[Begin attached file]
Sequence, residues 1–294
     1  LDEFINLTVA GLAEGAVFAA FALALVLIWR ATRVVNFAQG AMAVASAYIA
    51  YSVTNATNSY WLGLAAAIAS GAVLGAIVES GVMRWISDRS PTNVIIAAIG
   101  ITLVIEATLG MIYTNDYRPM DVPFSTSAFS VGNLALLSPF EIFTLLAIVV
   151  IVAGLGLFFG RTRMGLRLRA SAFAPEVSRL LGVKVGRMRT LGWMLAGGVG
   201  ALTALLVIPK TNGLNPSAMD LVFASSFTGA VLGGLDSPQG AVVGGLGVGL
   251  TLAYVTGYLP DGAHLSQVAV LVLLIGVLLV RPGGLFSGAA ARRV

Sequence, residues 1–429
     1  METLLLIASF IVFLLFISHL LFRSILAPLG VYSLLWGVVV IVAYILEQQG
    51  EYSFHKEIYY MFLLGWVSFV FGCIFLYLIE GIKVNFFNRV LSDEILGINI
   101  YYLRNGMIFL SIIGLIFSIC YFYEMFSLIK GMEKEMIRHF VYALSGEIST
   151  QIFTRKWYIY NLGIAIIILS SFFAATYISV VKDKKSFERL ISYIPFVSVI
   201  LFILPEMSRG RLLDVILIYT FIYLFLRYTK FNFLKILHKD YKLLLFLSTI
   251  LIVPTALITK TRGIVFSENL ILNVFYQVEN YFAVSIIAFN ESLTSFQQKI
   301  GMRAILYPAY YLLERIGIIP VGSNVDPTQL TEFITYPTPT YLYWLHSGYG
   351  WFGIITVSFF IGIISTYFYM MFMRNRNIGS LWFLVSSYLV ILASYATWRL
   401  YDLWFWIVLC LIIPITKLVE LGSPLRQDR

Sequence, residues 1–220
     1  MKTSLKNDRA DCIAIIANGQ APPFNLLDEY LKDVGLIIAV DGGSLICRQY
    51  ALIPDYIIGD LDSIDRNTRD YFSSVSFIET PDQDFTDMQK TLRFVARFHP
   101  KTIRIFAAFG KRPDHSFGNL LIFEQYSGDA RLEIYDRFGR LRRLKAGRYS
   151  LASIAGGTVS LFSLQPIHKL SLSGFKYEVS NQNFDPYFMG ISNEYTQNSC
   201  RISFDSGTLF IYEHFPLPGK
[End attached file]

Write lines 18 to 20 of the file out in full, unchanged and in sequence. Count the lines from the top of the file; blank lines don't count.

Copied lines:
Sequence, residues 1–220
     1  MKTSLKNDRA DCIAIIANGQ APPFNLLDEY LKDVGLIIAV DGGSLICRQY
    51  ALIPDYIIGD LDSIDRNTRD YFSSVSFIET PDQDFTDMQK TLRFVARFHP